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itself believes that the subordinates are subjugated for their good. The metaphor of a family, especially the relationship between husband and wife, permits the bhakta to have an intense relationship with God. Therefore for Kabir, the jeevatma is always a woman. In the philosophical realm Kabir takes the position of a woman where as in the social realm that of a man. His taking the position of a subordinate without questioning the dominant, helps him not to feel responsible for the problems of the subjugated, i.e., women; in social realm, thus solving the structural problem of his position. Therefore, bhakti in Kabir can also be read as a form of re-producing patriarchy. GOD according to Kabir is one and He is a man. Naturally He goes up in the hierarchy and all the attention is given to Him. Men can have a relationship of love, affection, and even a union with Him. The jeevatma is always dedicated to the paramatma. The bhakta/jeevatma takes the form of a woman and addresses to God as the beloved.25 Extreme devotion and the process of recreating patriarchy goes hand-in-hand in Kabir‟s poetry. The image of the woman was symbolically used to reach God by men, who were supposed to have overcome all the elements they associate with women. But women did not have any space in the philosophical domain, may be because woman was an object in the physical sense with which obstacles to attain the path leading to the almighty was associated. The criticism Kabir makes about women and the list of don‟ts set by him for them is in turn practised by him in the poems where the bhakta takes a female form. They not only become acceptable here, but also sets a particular kind of frame in which women were viewed and understood as subordinates to men in the social hierarchy. This can be viewed as a reflection of material conditions of male power and dominance of that time.

To sum up,

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             

Status of women seemed to be the lowest in the social hierarchy. Physical and philosophical boundaries were set for women within which they were expected to function. Equality in the relation between men and women was an alien idea for the time. To slander women was one of the popular notions in vogue. Women were equated with sin. Women were identified with sex, which also says that they were treated as an object of lust. Exploitation of women was seen as something very natural. The social reform with a demand for equality for the whole of mankind excluded women after a certain point. Concept of pativratha, dharma and sati were strongly supported. Child marriage or polygamy by the upper class was not criticised. Widow remarriage was nowhere advocated. The burden of all sins and ills were transfered on to women. It was forced to believe that woman was the sole cause for the destruction of the social morals which sought an easy way out in a patriarchal society. A particular social frame was constructed to analyse, view and understand women as subordinate to men in the social hierarchy.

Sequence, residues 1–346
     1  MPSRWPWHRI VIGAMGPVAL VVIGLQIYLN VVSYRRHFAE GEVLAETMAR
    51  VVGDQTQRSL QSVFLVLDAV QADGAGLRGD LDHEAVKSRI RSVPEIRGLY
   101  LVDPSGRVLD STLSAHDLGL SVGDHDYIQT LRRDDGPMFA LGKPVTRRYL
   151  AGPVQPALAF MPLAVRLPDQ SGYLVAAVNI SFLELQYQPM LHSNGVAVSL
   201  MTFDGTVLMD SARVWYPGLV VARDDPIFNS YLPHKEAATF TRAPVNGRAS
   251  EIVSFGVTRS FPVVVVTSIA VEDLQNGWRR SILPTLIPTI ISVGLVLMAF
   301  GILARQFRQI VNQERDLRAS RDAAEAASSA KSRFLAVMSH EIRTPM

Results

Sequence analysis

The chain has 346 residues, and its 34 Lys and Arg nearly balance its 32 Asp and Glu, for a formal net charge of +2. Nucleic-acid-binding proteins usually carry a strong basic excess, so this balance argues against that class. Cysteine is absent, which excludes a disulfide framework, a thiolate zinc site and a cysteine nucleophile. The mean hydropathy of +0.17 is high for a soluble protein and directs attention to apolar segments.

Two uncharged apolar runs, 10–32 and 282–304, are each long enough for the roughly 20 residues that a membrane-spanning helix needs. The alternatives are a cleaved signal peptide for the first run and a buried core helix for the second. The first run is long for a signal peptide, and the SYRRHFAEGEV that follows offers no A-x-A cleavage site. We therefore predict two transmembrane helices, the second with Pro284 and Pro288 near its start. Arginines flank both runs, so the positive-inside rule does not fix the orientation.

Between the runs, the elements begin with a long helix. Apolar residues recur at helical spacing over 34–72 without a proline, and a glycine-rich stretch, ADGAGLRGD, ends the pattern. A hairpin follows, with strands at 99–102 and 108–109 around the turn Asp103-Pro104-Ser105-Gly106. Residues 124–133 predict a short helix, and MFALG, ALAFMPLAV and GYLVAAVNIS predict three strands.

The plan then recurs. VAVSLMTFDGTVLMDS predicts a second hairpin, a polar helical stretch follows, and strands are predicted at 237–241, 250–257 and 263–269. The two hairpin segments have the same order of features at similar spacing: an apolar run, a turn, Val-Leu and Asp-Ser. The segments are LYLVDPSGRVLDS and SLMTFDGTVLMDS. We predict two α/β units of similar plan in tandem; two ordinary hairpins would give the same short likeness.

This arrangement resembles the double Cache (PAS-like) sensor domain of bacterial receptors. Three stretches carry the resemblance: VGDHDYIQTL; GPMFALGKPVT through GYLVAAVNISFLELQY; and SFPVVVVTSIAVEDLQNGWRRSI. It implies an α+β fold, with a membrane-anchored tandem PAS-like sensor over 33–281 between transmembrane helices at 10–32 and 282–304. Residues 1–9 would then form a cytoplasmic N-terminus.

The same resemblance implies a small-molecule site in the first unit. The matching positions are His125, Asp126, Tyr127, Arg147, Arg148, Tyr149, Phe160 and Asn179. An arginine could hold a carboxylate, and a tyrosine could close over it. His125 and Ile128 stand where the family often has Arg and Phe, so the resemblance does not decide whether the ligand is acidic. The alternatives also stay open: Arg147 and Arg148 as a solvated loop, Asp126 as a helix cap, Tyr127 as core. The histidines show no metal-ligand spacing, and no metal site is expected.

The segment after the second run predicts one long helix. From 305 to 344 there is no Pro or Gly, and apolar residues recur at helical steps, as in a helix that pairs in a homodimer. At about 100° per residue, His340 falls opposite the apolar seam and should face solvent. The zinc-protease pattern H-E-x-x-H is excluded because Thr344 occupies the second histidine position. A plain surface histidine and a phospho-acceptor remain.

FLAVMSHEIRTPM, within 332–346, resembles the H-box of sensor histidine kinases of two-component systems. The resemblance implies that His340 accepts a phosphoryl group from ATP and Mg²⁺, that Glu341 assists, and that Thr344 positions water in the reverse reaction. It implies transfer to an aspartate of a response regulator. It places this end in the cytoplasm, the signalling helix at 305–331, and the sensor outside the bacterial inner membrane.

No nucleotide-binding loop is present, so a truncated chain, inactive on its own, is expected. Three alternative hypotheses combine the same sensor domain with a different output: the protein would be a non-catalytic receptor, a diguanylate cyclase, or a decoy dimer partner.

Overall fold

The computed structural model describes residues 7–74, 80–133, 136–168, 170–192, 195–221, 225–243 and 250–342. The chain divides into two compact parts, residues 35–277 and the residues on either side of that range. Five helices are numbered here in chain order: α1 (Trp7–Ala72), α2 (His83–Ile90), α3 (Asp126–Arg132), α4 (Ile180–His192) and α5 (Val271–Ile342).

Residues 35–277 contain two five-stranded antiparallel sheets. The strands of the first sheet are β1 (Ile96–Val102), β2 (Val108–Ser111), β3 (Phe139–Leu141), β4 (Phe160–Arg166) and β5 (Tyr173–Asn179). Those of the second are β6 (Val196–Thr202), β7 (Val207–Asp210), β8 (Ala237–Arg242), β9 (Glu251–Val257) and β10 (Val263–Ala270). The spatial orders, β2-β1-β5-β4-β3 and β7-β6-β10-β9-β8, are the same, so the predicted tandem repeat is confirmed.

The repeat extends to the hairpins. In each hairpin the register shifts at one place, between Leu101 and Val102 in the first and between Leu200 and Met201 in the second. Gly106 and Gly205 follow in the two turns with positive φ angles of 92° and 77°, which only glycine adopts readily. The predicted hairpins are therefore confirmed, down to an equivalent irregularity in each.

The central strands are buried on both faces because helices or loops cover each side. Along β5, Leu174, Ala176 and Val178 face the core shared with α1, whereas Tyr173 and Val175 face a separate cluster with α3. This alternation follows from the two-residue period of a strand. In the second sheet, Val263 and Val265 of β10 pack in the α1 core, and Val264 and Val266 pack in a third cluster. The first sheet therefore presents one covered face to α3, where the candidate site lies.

With all these restrictions of the feudal society, the insecurity experienced by women of that time must have been severe. This can be sensed in Kabir‟s poems where bhakti accommodates spaces that recreate patriarchy. The attitude towards women in Kabir reflects his limitations as a social reformer and simultaneously portrays the dominant societal ideology of that time.

Note: This paper was presented at the national seminar held at Indian Institute for Advanced Studies, Shimla on the occassion of the 500th anniversary of Kabir, 14 – 16 September 1999 and is published in URDHVA MULA: An Inter-disciplinary Journal focusing on Women and Related Issues, Vol. 2, Number 1, May 2003. Mumbai: Sophia Centre for Women's Studies and Development, 2003. (Pg. 98-106).

.
Translations of this paper has appeared in:

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“Sthree ki Jagah” (Woman‟s place) an article (in Hindi translation), included in the book ‘Kabir ki Khoj’ edt. Rajkishore, Vani Prakashan, New Delhi, 2001. (Pg. 152-162 ) Kannada Translation of the paper, “Women Subjects in Kabir’s Poetry”, was published in the magazine, „MANASA‟, March 2000. Hindi translation of the paper, “Women Subjects in Kabir’s Poetry”, was published in the magazine, „POORVAGRAH‟, Bharat Bhavan, Bhopal. Issue 110, Spet-Nov 1998. (Pg. 61-66)

REFERENCES

Michele Barrett, Ideology and cultural production of gender, Feminist criticism and social

change – sex, class and race in literature and culture, edited by Judith Newton and Deborah Rosenfelt, Methuen, New York, 1985.
1

Savitri Chandra Shoba, Social philosophy of Kabir Das, Social Life and Concepts in Medieval

Hindi Bhakti Poetry – A socio – cultural study, Chandrayan Publications, New Delhi, 1983, p. 47-48.
2

Rekha Pande, The social content of the bhakti movement – A

study in Kabir, Indian History

Congress, forty-sixth session, Guru Nanak Dev University, Amritsar 1985, p. 230.
3